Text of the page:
• Examines the Malayan Emergency afresh.
• Brings into focus issues not normally covered in other accounts.
• Explores the moral costs of modern counter-insurgency.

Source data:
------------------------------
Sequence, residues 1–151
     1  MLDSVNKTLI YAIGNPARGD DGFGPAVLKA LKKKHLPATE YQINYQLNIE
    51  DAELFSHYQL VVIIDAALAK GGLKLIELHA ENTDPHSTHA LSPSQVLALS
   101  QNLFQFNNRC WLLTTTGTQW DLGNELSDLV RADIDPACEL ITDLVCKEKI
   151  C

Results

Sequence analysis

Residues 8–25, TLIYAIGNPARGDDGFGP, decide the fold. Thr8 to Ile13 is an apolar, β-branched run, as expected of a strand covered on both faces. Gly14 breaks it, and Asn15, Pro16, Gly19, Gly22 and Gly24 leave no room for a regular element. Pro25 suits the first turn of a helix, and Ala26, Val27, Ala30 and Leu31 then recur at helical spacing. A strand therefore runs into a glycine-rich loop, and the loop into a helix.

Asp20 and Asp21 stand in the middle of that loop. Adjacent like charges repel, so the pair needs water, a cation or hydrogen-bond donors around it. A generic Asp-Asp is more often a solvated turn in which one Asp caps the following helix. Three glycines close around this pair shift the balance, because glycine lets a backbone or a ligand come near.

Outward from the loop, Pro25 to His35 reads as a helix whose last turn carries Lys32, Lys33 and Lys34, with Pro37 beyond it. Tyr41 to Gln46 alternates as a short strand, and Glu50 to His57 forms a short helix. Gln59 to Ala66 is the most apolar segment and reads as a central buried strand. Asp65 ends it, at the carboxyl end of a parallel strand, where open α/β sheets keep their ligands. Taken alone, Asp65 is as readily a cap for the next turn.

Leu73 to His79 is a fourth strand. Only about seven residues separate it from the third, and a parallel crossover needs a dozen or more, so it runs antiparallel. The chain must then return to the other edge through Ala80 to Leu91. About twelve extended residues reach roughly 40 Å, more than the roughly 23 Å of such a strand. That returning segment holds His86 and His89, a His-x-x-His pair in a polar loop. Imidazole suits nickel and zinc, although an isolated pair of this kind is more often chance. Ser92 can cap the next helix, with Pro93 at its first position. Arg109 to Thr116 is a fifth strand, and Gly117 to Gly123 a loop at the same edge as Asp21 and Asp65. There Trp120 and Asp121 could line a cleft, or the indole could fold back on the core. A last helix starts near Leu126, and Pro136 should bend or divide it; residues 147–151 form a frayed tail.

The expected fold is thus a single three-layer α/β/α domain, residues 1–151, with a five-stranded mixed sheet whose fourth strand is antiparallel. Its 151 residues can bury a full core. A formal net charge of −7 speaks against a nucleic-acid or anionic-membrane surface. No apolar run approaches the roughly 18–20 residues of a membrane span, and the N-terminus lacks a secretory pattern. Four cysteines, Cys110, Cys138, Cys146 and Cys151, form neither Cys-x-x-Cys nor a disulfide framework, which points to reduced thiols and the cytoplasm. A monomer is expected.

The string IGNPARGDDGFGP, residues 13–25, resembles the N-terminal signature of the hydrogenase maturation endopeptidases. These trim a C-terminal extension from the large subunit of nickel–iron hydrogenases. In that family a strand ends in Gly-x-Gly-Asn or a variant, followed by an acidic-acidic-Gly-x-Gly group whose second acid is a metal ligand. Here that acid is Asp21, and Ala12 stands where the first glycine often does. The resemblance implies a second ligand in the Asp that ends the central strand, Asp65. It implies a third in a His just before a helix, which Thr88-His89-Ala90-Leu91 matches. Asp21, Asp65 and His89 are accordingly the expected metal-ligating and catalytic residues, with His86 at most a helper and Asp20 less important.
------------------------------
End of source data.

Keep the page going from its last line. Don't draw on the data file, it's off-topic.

One of the first conflicts of the Cold War, the Malayan Emergency was a guerrilla war fought between Commonwealth armed forces and communist insurgents in Malaya from 1948 to 1960. Souchou Yao tells its story in a series of penetrating and illuminating essays that range across a vast canvas – from the protection of rubber and tin for a bankrupt post-war Britain, to the British military violence as a heritage of the Victorian Imperial Policing; from collective punishment to population resettlement of more than half a million Malayans. Throughout the book runs a passionate concern for the lives and struggles of ordinary men and women in colonial Malaya . The Malayan Emergency is packed full of the myth of British liberalism and good sense. In truth, the counterinsurgency measures point to what Camus has described as ‘Slave camps under the flag of freedom, massacres justified by philanthropy’. Here, the effect of counter-insurgency measures are captured by the anthropologist’s art of ethnography and cultural analysis. Among the vignettes are an ethnographic encounter with a woman ex-guerrilla, and the author’s remembrance of his insurgent-cousin killed in a police ambush. As such, this fascinating study examines the Emergency afresh, and in the process brings into focus issues not normally covered in other accounts: nostalgia and failed revolution, socialist fantasy and ethnic relations, and the moral costs of modern counter-insurgency.